Justin Dillehay: When I was a church teen in the 1990s, one of hottest new Christian bands was Third Day. The name seemed like a riff on the mainstream band Third Eye Blind, but we all know where it really came from. According to Paul’s gospel, Christ was “raised on the third day in accordance with the Scriptures.” This is “of first importance” (1 Cor. 15:3–5). We all know that Christ rose on the third day. But we probably aren’t as familiar with the latter half of Paul’s statement, namely, that Christ was “raised on the third day in accordance with the Scriptures” (1 Cor. 15:4). This wasn’t just something that happened in history; it was also prophesied in the Old Testament. Jesus himself says the same thing in Luke 24:46: “Thus it is written, that the Christ should suffer and on the third day rise from the dead.” Which raises the question, where? Where is it written that Christ would
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Don’t Just ‘Prove’ The Resurrection. Talk About Why It Matters.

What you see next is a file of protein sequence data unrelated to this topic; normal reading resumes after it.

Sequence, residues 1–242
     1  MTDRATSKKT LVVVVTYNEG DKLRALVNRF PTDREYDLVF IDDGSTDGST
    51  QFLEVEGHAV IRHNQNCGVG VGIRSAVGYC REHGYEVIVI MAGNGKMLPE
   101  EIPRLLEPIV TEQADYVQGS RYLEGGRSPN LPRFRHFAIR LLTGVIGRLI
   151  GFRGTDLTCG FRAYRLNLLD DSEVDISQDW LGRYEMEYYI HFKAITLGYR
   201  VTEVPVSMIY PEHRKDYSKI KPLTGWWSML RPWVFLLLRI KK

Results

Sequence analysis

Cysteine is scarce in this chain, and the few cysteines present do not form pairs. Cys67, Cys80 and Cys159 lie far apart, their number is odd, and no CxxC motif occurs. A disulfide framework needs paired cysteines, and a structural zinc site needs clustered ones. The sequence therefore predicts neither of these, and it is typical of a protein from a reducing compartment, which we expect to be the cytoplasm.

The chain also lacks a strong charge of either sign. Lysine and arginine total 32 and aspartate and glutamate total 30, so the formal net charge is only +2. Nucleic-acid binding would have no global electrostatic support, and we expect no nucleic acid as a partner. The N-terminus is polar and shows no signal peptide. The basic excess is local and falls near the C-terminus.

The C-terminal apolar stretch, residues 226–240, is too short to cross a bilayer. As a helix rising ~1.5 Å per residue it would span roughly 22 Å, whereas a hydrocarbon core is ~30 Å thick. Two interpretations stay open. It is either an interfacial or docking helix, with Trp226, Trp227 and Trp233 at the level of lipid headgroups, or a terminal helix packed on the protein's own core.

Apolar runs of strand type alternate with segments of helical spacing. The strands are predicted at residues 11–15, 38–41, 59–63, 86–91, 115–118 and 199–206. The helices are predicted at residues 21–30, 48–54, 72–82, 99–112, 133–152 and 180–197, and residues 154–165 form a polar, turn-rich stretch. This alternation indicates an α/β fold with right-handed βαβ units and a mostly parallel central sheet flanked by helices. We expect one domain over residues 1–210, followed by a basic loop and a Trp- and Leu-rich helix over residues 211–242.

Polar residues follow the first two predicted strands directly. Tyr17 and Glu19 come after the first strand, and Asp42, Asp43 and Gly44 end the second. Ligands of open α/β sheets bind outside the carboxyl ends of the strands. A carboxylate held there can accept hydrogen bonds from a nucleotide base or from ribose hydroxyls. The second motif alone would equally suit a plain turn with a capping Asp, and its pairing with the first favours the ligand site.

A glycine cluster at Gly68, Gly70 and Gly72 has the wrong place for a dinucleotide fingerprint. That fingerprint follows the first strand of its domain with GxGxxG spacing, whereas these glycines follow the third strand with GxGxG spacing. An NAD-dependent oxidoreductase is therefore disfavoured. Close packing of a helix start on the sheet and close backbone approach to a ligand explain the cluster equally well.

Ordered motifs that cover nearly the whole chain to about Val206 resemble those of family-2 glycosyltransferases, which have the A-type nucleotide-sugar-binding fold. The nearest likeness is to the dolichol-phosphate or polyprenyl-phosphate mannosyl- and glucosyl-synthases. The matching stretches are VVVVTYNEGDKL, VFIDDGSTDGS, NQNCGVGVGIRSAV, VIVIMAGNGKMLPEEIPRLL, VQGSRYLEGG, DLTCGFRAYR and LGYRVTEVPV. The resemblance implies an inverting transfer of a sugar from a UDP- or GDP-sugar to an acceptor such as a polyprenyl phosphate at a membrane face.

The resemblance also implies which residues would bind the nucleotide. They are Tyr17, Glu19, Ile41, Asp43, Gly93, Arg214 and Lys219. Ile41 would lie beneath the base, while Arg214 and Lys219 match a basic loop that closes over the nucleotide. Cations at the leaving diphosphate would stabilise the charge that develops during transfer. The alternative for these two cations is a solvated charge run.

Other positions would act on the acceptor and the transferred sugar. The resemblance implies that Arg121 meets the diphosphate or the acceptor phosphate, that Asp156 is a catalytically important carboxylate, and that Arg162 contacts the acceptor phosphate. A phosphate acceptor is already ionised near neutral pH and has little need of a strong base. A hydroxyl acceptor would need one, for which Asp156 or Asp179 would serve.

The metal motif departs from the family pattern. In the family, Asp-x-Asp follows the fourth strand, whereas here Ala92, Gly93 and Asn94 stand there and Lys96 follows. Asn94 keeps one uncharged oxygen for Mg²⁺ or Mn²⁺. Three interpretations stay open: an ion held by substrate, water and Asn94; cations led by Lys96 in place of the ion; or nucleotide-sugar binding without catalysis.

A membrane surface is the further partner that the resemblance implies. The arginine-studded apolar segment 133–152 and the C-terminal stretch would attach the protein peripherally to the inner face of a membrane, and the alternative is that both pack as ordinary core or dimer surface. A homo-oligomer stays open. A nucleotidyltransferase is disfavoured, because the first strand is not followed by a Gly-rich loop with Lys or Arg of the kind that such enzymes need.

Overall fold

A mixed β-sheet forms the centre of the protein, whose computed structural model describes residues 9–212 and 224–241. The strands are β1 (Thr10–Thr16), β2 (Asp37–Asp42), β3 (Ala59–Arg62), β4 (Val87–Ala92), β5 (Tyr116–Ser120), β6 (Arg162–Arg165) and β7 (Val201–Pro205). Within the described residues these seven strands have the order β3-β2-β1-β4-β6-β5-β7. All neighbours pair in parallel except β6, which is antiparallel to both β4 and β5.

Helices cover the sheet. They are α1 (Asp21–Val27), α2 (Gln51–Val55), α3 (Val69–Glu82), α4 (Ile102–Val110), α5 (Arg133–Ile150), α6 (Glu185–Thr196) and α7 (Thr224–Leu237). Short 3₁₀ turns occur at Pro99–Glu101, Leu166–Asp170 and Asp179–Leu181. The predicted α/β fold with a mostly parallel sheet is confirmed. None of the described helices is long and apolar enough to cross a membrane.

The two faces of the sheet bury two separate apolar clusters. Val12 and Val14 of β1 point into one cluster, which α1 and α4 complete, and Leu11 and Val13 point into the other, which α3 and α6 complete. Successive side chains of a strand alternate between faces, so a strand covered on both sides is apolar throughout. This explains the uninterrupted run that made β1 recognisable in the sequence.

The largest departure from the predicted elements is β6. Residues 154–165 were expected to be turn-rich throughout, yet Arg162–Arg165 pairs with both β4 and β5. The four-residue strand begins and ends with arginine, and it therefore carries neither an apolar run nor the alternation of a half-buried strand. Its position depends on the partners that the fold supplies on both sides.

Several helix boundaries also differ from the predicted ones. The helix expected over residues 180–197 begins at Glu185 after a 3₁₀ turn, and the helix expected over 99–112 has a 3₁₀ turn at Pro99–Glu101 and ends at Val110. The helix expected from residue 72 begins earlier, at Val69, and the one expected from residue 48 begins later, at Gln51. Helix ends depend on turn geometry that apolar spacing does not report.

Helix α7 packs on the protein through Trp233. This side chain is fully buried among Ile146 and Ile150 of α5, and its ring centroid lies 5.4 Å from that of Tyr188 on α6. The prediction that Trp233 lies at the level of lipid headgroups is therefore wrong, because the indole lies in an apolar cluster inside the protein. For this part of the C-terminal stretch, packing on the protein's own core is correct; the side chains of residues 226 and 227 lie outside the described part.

Matthew Payne: Why did Jesus rise from the dead? In my experience most Christians can’t answer this question very well. I suspect that the reason is that they have hardly ever heard it taught. One of the most common answers I’ve heard over the years is that Jesus rose ‘to prove that he is God’. But the Bible never identifies this as the reason, and there was surely ample proof already available for Jesus’ divinity given the number of miracles that he performed in his public ministry. The problem is that some of the more difficult Christian doctrines tend to be reduced to apologetic hurdles to get over rather than being treated as central, interconnected parts of the Christian message. The Trinity, miracles, predestination, the resurrection… these are the kinds of topics that present difficulties to our secular worldview and logic. We therefore spend most of our time trying to prove that these things are true rather than explaining what
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10 Things You Should Know about the Resurrection